Alternatives to Credit Cards
Planning on making a relatively pricey purchase? Simply want the convenience of being able to spend without carrying cash?
Credit cards are just one of the ways you can buy things when you don’t have the money up front or the notes and coins to physically hand over.
Before you get app-happy applying for new plastic, consider whether one of these alternatives to credit cards might be a better fit for your circumstances….
Best alternatives to credit cards: a summary
- Debit cards
- Prepaid cards
- Arranged overdraft
- Personal loans
- Peer to peer lending
Perhaps the most obvious alternative to a credit card is a debit card. If you’re spending online, over the phone or in store and don’t want to use cash, a debit card offers convenience and some consumer protection. However, it won’t allow you to spend money you don’t have, unless you have an arranged overdraft.
When you’re unhappy with goods purchased or have bought something that wasn’t as described, you may be able to get a refund too via Chargeback, which can provide extra peace of mind. This is a process whereby your bank reverses the transaction, though there is a time limit on when this can be performed and isn’t necessarily a quick process.
Avoid additional fees
You can sometimes avoid additional fees charged for paying for things by credit card if you opt to use a debit card instead (though surcharges will soon be a thing of the past thanks to new legislation). And of course, when paying in full with existing cash, you avoid any interest too, though you won’t have the ‘super power’ protection of Section 75.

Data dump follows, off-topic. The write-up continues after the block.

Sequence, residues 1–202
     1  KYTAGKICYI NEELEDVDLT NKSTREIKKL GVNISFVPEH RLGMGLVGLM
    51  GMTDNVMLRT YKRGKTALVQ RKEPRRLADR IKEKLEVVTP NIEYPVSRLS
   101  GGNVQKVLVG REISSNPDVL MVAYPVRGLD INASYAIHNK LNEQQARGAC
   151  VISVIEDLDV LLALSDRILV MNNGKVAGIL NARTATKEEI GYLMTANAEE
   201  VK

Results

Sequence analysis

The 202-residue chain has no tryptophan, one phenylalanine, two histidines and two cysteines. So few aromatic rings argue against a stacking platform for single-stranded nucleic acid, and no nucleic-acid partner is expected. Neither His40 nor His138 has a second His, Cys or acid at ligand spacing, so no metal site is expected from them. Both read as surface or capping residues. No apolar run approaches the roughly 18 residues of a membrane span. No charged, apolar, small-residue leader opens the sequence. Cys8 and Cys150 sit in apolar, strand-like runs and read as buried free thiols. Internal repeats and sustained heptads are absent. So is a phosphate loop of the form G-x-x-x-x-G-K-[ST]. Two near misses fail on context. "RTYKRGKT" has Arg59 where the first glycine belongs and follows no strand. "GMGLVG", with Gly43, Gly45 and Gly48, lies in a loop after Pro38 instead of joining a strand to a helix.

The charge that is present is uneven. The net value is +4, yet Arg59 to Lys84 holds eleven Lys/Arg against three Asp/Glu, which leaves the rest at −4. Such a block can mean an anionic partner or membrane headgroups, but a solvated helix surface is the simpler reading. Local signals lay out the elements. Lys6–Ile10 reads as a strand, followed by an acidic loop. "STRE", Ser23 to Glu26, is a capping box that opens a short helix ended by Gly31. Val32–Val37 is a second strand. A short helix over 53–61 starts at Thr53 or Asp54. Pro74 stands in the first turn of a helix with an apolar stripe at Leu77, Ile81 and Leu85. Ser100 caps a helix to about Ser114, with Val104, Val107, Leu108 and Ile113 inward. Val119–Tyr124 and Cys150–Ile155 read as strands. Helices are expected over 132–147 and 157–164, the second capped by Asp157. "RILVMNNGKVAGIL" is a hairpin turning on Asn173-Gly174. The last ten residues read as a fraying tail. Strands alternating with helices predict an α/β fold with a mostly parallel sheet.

See our guide to the difference between credit cards and debit cards here.
If you want a card that you can use abroad or give to the kids instead of cash, a prepaid credit card can be a sensible option. These cards don’t allow you to spend past the amount you’ve loaded onto your account, so it’s not possible to build debt.
Some prepaid card providers do offer perks such as cashback or discounts to make their products more attractive, though you may also be charged a fee for opening a prepaid card. There can also be fees for withdrawing cash from an ATM and some charges may be applied for store transactions or if your card is dormant and unused. The key to using such a card wisely is knowing what you’re signing up for.
Consumer protection for prepaid cards
Prepaid cards don’t offer the same consumer protection as credit cards under Section 75 of the Consumer Credit Act, though you may be eligible to some protection under voluntary Chargeback schemes run by some but not all providers (as above). If you’re worried about losing your card while on holiday or having it stolen, a prepaid card can provide peace of mind as you can block the card without risking the loss of your bank balance.
When it comes to borrowing money, your bank often knows you best. So, if you need a little extra cash on a short-term basis, you could consider applying for an arranged overdraft. This will allow you to withdraw money up to an agreed limit when your balance goes into negative figures.
Some bank accounts provide this facility interest-free up to a certain amount or for an agreed period, depending on individual circumstances. If you do choose to use an overdraft that you’ll be charged interest on, along with a plan of how you’ll clear the debt, you should be aware in advance how much it will cost you to borrow in this way.